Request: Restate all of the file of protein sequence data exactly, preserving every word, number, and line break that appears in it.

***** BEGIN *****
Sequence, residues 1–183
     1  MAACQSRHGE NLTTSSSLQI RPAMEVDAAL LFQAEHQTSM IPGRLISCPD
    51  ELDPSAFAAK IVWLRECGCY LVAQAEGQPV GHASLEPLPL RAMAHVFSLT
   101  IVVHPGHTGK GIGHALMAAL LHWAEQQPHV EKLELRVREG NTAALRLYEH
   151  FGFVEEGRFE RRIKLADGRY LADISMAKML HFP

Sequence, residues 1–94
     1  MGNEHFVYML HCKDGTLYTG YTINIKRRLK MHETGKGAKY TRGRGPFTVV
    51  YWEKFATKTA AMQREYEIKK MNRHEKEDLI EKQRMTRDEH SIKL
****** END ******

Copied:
Sequence, residues 1–183
     1  MAACQSRHGE NLTTSSSLQI RPAMEVDAAL LFQAEHQTSM IPGRLISCPD
    51  ELDPSAFAAK IVWLRECGCY LVAQAEGQPV GHASLEPLPL RAMAHVFSLT
   101  IVVHPGHTGK GIGHALMAAL LHWAEQQPHV EKLELRVREG NTAALRLYEH
   151  FGFVEEGRFE RRIKLADGRY LADISMAKML HFP

Sequence, residues 1–94
     1  MGNEHFVYML HCKDGTLYTG YTINIKRRLK MHETGKGAKY TRGRGPFTVV
    51  YWEKFATKTA AMQREYEIKK MNRHEKEDLI EKQRMTRDEH SIKL